with Nick Nolte ("Affliction") and Cameron Diaz ("There Something About Mary")
picking up the best actor and actress awards and Lisa Kudrow and Bill
Murray winning in supporting categories for "Rushmore" and "The Opposite
Of Sex," respectively. Both are receiving buzz regarding possible
Academy Awards nominations.
The Best Director award went to Terrence Malick, for his much
anticipated WW II epic, "The Thin Red Line," based on a novel by James
Jones, which also received the best cinematography award for John Toll.
The award for best first film went to Richard Kwietniowski's "Love And
Death On Long Island," which starred Jason Priestly and John Hurt.
Thomas Vinterberg continued his pre-Oscar winning streak, winning the
best foreign language film award for "The Celebration." The recently
released Miramax film, "Shakespeare In Love" picked up the best
screenplay award for Marc Norman and Tom Stoppard, while the best
non-fiction film award was nabbed by "The Farm," directed by Liz Garbus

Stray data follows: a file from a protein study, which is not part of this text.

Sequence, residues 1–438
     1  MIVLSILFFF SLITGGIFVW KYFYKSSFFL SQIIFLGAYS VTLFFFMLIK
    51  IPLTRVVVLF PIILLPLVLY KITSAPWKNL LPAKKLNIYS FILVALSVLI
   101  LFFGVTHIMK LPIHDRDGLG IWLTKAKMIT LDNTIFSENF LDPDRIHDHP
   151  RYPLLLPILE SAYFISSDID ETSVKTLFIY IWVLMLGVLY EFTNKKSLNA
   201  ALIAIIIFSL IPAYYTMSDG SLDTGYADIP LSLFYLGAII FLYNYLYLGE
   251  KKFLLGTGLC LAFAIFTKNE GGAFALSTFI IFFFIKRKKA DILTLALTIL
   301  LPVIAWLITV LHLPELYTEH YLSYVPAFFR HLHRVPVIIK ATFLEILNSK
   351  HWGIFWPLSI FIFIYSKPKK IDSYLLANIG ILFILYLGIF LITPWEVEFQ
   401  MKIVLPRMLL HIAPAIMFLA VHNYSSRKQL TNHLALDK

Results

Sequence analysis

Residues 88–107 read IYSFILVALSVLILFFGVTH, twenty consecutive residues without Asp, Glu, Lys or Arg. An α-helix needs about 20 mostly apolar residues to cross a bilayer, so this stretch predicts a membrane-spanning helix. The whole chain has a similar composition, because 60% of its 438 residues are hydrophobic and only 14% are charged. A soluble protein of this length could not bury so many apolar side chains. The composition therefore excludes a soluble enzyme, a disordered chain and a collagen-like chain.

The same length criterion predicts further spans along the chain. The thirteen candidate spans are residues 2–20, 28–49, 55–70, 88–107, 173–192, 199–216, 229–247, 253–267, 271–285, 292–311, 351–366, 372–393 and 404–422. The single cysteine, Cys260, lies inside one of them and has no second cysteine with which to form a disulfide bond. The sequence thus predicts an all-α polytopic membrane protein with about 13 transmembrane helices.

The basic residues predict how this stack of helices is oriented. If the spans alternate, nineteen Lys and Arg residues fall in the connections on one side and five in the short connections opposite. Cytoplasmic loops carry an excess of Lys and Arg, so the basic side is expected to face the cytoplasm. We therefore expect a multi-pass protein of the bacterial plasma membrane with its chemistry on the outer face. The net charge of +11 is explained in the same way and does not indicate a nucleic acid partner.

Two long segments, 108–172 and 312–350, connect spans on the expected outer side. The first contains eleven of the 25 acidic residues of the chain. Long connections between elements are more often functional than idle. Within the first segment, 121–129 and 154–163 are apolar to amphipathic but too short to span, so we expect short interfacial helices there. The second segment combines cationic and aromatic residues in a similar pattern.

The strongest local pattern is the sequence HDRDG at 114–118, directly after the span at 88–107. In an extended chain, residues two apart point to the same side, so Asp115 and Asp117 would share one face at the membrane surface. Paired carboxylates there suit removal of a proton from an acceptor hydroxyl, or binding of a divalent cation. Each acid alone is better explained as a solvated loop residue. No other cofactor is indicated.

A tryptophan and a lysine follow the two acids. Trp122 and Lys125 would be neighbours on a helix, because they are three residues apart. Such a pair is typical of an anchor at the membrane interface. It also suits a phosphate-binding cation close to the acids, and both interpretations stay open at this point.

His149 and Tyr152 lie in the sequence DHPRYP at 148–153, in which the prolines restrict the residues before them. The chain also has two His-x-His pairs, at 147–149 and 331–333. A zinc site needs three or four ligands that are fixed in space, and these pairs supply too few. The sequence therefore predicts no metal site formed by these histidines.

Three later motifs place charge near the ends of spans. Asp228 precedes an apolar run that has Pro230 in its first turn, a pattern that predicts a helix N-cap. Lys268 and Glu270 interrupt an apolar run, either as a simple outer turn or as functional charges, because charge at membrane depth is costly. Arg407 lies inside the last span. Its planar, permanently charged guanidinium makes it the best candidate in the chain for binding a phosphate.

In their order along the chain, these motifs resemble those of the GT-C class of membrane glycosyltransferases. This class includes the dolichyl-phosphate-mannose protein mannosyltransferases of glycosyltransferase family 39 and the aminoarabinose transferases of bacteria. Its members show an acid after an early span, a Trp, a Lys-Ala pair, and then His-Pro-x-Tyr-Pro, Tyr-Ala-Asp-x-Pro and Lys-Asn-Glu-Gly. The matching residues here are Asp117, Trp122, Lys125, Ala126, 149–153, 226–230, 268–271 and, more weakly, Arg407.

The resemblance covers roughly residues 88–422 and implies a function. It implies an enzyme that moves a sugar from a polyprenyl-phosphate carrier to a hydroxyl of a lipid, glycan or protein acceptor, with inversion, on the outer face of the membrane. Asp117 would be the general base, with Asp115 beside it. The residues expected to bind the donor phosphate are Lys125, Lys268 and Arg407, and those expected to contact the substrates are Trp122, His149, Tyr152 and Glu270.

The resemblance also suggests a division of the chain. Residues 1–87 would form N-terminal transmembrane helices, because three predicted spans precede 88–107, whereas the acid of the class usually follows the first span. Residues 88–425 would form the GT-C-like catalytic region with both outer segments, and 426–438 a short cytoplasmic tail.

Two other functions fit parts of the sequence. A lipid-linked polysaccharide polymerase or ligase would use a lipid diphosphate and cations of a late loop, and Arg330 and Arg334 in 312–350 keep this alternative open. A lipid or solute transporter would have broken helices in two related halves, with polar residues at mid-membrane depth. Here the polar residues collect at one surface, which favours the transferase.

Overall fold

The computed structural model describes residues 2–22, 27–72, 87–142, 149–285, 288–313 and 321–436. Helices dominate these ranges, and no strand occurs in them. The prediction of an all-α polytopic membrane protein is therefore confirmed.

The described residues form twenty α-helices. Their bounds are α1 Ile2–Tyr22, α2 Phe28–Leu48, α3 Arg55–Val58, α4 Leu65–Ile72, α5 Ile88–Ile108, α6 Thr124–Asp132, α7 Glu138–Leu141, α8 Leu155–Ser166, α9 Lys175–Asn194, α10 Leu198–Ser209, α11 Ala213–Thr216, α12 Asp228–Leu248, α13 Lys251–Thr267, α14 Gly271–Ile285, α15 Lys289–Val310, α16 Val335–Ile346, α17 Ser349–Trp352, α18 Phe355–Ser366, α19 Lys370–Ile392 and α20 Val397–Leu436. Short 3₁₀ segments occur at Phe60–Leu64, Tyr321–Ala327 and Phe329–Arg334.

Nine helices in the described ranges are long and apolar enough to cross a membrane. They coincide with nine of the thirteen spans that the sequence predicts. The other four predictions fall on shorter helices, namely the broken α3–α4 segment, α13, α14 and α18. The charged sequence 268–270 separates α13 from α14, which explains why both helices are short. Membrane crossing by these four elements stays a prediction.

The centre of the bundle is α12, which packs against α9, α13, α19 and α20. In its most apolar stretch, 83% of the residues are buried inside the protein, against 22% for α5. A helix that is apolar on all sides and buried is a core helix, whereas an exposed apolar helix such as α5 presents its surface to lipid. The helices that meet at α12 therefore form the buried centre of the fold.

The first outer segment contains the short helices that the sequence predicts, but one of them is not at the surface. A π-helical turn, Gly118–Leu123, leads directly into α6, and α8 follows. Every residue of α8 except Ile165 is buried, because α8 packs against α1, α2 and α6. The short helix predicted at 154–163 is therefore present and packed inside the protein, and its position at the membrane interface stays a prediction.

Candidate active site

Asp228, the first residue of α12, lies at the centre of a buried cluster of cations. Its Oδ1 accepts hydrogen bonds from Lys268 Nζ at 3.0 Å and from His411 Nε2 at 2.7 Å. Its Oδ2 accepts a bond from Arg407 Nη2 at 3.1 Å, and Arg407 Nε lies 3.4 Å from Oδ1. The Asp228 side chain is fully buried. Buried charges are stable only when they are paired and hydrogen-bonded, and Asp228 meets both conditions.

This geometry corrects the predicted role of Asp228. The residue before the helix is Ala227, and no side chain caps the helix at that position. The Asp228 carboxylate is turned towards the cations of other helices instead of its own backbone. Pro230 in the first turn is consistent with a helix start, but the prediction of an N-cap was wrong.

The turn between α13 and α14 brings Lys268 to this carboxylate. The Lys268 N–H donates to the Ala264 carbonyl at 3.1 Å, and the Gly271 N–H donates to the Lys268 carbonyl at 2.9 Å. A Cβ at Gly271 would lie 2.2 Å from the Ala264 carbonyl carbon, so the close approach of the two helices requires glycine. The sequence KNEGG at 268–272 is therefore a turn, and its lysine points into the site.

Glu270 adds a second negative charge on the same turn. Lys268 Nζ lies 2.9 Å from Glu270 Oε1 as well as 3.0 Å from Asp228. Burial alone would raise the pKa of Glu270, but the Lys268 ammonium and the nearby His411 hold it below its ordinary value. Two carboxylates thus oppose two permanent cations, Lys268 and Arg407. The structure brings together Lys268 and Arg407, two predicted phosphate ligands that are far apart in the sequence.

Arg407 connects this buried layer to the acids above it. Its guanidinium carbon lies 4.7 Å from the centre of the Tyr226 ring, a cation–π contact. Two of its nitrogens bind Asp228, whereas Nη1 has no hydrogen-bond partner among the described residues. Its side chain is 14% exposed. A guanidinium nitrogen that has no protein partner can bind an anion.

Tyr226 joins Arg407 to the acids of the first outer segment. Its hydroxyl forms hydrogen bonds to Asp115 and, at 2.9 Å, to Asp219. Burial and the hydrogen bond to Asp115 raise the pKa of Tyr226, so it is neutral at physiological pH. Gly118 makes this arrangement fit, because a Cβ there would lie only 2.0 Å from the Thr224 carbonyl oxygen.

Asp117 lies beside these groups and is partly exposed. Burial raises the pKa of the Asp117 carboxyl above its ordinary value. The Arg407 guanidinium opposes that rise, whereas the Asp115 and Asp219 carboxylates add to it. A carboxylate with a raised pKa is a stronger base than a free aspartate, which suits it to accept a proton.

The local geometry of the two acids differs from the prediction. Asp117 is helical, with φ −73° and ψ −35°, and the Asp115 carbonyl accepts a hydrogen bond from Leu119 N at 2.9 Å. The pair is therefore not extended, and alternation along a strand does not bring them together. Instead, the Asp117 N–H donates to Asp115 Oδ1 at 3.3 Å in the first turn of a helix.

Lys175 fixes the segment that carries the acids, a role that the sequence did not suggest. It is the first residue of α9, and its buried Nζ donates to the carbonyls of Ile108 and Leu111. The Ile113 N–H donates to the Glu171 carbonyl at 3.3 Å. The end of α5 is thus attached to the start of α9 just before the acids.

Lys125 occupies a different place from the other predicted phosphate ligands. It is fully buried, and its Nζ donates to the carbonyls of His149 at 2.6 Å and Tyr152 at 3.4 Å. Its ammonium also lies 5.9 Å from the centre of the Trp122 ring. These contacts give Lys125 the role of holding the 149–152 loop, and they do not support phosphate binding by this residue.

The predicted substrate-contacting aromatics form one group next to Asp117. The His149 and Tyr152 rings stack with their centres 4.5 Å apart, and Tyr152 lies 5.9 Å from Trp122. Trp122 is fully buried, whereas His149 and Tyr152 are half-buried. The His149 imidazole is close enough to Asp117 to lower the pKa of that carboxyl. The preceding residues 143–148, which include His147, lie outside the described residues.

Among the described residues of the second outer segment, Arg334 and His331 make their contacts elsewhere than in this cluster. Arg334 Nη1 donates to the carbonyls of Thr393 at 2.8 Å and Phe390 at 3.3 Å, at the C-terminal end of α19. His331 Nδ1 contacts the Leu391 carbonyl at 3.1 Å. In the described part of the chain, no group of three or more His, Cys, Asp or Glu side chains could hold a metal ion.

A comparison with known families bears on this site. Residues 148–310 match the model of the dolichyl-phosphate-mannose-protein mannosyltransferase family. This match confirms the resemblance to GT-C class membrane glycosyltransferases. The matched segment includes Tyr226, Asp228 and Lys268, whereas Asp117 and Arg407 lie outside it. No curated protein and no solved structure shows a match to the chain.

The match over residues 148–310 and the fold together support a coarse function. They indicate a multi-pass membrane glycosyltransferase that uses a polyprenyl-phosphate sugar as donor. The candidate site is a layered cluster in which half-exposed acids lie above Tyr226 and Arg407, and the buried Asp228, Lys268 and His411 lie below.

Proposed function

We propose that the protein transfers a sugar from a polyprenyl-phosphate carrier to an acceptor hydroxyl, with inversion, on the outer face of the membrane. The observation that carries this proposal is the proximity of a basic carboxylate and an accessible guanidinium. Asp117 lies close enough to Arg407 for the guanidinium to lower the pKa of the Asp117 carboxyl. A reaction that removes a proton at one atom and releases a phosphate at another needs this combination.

and Jonathan Stack. A special award was given to the newly cut version
of Orson Welles' "Touch Of Evil." [Mark Rabinowitz]
>> Miramax Nabs "Hamlet"
Miramax Films has acquired all distribution rights for the updated
version of "Hamlet" from writer/director Michael Almereyda ("Nadja")
(indieWIRE Production Briefs, 11.13.98). Set in modern-day New York,
the film stars Ethan Hawke ("Gattaca") as Hamlet, Kyle MacLachlan
("Trigger Effect") as Claudius and Diane Verona ("Romeo + Juliet") as
Gertrude. Supporting cast includes Karl Geary ("Nadja"), Bill Murray
("Wild Things"), Sam Shepard ("The Right Stuff," "Voyager") and Julia
Stiles ("Wicked"). Amy Hobby and Andrew Fierberg of double A produce,
with Jason Blum (Miramax Senior VP of Acquisitions and Co-Productions)
overseeing production for Miramax. Blum and Steven Hutensky (Miramax
Senior VP of Business and Legal Affairs) negotiated the deal on behalf
of Miramax, with super-indie attorney John Sloss representing double A.
>> October Picks Lik Flick
October Films has acquired rights to "Boriuca's Bond," the debut film
from twenty year-old Val Lik. Lik wrote, directed and stars in the film,
a drama set amid the world of gangs and drugs in the South Bronx in New
York City. The film also stars Frankie Negron (Broadway's "The Capeman")
as an artist struggling to live in his violent surroundings. The film
was shot on location in the South Bronx and features the acting debut of